3,190
    Images
    6
    Hey thanks for all the great advice. I'm going to have to look for some X-ray film. When film is cheap, it makes it easier to experiment and play.

  7. #7
    Andrew O'Neill's Avatar
    Join Date
    Jan 2004
    Location
    Coquitlam, BC, Canada
    Shooter
    8x10 Format
    Posts
    698
    Images
    9
    I use xray film a lot. It is okay under amber coloured safelight as well. I order from cxsonline. Are you going to be contact printing? Please note that this film has emulsion on both sides and that may reduce sharpness a bit when enlarging. Some people remove the rear emulsion with bleach. I contact print so don't bother bleaching.

  8. #8

    Join Date
    Mar 2007
    Location
    Shropshire, UK
    Shooter
    Multi Format
    Posts
    829
    Images
    7
    Some ortho film is quite fast. Ilford Ortho is about ISO 80 - so WAY faster than paper. It seems to be a bit sensitive to red, too. I have developed it under a deep ruby red safelight at a long distance from the lamp, but my usual, brighter and 'more red' darkroom lights would fog it. To be honest, the deep red light is too dim to see much, though, so why bother? I prefer to use time development, it is what I'm used to.

    The kodak lith film I've got is much, much slower and you can play with that under normal red safelights.
    Steve

  9. #9
    winger's Avatar
    Join Date
    Jan 2005
    Location
    Page County, IA
    Shooter
    Multi Format
    Posts
    2,499
    Images
    47
    What developer do people use for X-ray film?

    I have a few sheets of Arista ortholith left and I guess I can't buy more. I like that I can use my paper developer (Ilford multigrade).

  10. #10
    Vaughn's Avatar
    Join Date
    Dec 2006
    Location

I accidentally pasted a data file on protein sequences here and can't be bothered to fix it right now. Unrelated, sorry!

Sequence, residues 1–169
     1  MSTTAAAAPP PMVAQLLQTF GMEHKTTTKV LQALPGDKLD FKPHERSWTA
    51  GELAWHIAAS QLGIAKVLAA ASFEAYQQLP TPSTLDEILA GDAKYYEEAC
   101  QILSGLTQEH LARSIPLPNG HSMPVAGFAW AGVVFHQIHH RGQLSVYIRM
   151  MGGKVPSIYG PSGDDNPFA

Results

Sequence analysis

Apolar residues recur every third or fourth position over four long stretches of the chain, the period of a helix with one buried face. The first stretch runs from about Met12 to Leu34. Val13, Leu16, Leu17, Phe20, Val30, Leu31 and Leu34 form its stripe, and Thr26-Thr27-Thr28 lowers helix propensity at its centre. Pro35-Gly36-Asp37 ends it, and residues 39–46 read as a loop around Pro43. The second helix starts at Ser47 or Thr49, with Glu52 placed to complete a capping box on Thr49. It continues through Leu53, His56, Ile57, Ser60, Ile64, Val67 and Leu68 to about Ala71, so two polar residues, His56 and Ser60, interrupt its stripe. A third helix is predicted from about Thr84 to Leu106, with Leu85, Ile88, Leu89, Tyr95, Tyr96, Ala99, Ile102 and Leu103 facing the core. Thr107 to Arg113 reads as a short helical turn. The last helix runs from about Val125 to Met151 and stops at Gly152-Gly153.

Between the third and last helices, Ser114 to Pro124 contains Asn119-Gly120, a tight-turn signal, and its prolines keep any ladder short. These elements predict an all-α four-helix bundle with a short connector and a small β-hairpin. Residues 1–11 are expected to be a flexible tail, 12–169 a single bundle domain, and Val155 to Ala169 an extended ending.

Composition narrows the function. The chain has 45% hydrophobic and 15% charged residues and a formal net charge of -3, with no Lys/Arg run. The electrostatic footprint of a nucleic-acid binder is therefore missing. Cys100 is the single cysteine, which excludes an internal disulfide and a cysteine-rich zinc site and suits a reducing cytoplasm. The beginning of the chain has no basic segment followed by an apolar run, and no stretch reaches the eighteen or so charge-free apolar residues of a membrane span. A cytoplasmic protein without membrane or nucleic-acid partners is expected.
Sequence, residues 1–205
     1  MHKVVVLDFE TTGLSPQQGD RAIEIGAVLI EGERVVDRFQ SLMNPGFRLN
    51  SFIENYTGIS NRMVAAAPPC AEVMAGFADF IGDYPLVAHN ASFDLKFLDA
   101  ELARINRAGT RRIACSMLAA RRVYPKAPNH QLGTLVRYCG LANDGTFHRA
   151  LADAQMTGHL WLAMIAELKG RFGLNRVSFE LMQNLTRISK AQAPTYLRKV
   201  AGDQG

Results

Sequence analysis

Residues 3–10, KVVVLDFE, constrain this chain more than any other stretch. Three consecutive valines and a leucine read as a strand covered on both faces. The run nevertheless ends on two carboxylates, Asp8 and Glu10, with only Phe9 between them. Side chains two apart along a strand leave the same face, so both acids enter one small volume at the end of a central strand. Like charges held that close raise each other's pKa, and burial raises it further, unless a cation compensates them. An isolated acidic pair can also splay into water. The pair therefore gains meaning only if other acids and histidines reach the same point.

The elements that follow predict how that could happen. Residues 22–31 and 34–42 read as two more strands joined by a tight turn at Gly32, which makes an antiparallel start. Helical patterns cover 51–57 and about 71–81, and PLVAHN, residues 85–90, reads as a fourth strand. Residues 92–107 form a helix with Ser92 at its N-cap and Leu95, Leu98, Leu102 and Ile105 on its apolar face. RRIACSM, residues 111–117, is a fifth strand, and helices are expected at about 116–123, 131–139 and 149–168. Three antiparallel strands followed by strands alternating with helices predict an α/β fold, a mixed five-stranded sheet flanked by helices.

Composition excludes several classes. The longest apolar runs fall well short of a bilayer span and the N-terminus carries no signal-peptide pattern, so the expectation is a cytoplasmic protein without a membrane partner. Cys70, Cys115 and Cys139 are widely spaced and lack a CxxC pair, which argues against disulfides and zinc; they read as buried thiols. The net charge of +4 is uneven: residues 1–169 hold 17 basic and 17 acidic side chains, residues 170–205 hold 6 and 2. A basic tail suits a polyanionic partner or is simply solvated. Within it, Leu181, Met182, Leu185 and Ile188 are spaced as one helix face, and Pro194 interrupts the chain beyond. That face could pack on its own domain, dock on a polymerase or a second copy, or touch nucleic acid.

Humboldt Co.
    Shooter
    8x10 Format
    Posts
    4,754
    Images
    40
    The portraits I did of my boys was with the blue-sensitive x-ray film. The boys were in open shade. I exposed a set at 400ASA and at 800ASA. The film was processed at the hospital's x-ray lab, so I had no control there. I used the set exposed at 800 ASA as the 400ASA set was very dense. However, get this film into the dense forest, and the working ASA drops like a rock.

    The x-ray film scratches very easily during processing, so that has to be watched. I develop x-ray film in the same developer as my conventional films (ilford PQ Universal), some folks use pryo developers, too.

    Bryce
    8x10 Platinum/palladium Print
    x-ray film

    And the same again with Alex...
    Attached Thumbnails Attached Thumbnails Bryce, 8x10P.jpg   Alex, 8x10P.jpg  
    Last edited by Vaughn; 12-15-2011 at 07:52 PM. Click to view previous post history.
    At least with LF landscape, a bad day of photography can still be a good day of exercise.

Page 1 of 2 12 LastLast


 

APUG PARTNERS EQUALLY FUNDING OUR COMMUNITY:



Contact Us  |  Support Us!  |  Advertise  |  Site Terms  |  Archive  —   Search  |  Mobile Device Access  |  RSS  |  Facebook  |  Linkedin